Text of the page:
Traumatic and Postoperative Ischemic Liver Necrosis: Causes, Risk Factors and Treatment


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Abstract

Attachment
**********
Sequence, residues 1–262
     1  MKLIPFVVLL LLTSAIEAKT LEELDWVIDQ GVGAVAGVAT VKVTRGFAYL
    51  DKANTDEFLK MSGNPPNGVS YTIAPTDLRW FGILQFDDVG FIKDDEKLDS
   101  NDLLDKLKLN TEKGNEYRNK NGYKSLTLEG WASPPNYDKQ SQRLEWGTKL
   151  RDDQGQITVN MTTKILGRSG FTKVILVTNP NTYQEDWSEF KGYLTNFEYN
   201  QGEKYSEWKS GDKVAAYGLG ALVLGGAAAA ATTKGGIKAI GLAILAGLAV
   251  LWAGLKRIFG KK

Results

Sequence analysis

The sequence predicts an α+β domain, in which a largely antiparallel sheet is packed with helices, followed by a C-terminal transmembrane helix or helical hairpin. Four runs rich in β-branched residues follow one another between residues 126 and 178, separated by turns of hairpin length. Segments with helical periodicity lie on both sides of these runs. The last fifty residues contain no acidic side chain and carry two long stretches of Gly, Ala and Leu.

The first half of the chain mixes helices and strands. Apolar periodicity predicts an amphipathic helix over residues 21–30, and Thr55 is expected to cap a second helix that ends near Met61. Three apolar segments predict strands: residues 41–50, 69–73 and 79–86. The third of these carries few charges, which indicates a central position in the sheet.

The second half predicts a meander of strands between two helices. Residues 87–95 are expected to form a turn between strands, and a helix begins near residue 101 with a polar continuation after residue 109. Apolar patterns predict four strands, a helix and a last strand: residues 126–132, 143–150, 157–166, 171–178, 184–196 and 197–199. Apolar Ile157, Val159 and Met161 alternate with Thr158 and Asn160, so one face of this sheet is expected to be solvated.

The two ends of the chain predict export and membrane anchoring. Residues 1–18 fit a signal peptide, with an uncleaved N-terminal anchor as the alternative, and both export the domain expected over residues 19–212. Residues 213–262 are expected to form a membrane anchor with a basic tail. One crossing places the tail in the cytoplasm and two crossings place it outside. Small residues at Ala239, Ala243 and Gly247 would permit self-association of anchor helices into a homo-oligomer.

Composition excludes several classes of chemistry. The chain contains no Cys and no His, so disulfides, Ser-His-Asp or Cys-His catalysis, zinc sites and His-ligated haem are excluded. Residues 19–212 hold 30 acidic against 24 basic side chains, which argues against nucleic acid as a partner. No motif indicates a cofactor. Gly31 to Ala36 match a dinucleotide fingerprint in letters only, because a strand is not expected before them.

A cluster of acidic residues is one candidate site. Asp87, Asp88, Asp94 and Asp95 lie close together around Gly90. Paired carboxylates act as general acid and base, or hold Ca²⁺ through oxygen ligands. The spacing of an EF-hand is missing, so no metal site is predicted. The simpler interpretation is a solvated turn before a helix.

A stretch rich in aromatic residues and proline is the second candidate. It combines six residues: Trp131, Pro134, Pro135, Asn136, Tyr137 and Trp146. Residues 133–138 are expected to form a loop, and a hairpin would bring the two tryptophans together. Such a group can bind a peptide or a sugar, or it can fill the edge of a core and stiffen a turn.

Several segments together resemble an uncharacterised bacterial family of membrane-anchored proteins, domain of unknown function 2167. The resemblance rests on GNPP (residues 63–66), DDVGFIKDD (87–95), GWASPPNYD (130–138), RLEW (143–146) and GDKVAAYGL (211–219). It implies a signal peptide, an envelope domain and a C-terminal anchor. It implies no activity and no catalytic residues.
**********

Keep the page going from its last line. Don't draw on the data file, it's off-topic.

Background:To study the cause and outcome of ischemic liver necrosis and suggest treatment of these patients.Methods:Retrospective study of 13 patients with ischemic liver necrosis treated at our departments from 1990 until 1997.Results:Ischemic liver necrosis was caused by general hypoxia (n = 1) or acute arterial occlusion (n = 12) of the celiac and superior mesenteric artery (SMA, n = 3), proper hepatic artery (PHA, n = 1), right hepatic artery (RHA, n = 2), left hepatic artery (LHA, n = 2) and intrahepatic vessels (n = 4). Six of the cases were related to surgical procedures, 5 of these (38%) were unintended arterial injuries after biliary surgery. Ten patients (77%) had risk factors contributing to the development of liver necrosis: septicemia (n = 4), jaundice and septicemia (n = 2), shock and hypoxia (n = 3) and alcoholic cirrhosis (n = 1). Five patients (38%) needed resection of the liver necrosis due to infected necrosis. Three patients (23%) died; two of these had celiac/SMA occlusion. One died due to complete gastrointestinal ischemia and severe lactacidosis, two died of multiorgan failure after bile leakage and septicemia.Conclusion:Ischemic liver necrosis is mainly caused by arterial occlusion due to arteriosclerosis, arterial transection during biliary surgery or blunt liver trauma, and seldom occurs without additional risk factors. 50% of the patients develop infected necrosis and need liver resection. Patients with sterile necrosis may recover without surgical procedures of the liver. The mortality in patients with central (celiac/SMA) and peripheral (CHA, PHA, RHA, LHA, intrahepatic branches) occlusions was 67% (2/3) and 11% (1/9), respectively.

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